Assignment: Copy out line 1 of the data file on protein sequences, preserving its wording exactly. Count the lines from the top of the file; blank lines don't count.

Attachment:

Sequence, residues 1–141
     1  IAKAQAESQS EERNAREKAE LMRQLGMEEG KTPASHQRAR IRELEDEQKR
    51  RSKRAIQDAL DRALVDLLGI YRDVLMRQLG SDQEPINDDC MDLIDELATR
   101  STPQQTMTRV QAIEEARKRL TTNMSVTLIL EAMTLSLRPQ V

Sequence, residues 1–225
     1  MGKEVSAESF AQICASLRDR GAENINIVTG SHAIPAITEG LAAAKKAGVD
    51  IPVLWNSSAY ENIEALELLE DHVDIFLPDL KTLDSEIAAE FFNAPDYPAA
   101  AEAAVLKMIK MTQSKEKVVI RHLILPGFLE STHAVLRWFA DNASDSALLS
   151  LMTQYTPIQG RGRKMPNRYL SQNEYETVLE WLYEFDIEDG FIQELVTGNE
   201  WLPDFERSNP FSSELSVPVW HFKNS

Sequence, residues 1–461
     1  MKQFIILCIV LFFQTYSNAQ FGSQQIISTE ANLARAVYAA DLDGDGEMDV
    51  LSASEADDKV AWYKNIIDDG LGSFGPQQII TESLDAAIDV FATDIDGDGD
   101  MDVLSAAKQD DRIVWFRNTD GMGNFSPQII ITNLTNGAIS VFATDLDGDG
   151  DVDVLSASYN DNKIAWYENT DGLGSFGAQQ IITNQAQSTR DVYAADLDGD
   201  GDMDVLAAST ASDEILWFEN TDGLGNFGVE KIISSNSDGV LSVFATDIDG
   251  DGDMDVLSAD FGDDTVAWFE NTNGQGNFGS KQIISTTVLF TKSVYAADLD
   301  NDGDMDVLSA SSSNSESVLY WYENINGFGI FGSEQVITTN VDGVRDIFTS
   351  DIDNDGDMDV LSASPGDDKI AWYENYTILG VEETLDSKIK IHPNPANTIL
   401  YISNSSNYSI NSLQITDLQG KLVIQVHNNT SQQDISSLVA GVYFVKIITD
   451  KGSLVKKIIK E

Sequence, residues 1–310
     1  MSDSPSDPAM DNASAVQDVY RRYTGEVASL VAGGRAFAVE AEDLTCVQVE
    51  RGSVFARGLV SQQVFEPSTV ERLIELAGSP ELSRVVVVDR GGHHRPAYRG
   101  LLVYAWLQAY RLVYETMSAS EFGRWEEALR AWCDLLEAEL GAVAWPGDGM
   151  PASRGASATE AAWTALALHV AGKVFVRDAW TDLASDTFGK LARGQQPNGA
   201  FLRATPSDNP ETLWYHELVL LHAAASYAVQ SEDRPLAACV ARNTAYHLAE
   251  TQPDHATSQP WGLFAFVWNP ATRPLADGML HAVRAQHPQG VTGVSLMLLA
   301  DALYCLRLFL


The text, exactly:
Sequence, residues 1–141